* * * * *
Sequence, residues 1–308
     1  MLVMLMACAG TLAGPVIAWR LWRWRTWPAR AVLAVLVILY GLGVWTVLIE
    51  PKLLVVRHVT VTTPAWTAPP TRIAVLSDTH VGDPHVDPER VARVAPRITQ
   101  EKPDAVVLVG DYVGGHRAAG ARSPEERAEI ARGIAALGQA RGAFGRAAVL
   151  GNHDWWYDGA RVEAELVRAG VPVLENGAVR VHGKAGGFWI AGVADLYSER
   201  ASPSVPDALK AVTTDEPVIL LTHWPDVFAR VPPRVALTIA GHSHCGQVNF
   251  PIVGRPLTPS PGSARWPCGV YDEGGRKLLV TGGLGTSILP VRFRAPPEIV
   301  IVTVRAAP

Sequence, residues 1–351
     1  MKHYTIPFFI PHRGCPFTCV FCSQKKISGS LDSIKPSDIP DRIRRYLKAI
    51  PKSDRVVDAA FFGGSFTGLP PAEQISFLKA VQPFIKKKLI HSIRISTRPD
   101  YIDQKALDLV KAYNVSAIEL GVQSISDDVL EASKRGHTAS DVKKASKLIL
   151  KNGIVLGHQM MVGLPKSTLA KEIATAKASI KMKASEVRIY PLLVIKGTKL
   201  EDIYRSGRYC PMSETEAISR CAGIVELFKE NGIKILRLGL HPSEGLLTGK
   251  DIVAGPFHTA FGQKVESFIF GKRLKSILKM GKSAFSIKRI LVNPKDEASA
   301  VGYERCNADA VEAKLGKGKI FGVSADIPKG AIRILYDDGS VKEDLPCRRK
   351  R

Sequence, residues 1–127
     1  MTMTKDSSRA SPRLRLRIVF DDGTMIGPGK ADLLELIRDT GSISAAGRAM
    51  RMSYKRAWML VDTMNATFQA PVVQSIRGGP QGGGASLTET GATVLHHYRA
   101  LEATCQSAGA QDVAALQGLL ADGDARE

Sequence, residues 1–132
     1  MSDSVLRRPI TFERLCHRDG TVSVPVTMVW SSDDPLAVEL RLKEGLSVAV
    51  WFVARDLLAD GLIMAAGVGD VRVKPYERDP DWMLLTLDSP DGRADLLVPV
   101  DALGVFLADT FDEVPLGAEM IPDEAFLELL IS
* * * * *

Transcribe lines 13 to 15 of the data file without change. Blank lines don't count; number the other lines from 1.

   151  KNGIVLGHQM MVGLPKSTLA KEIATAKASI KMKASEVRIY PLLVIKGTKL
   201  EDIYRSGRYC PMSETEAISR CAGIVELFKE NGIKILRLGL HPSEGLLTGK
   251  DIVAGPFHTA FGQKVESFIF GKRLKSILKM GKSAFSIKRI LVNPKDEASA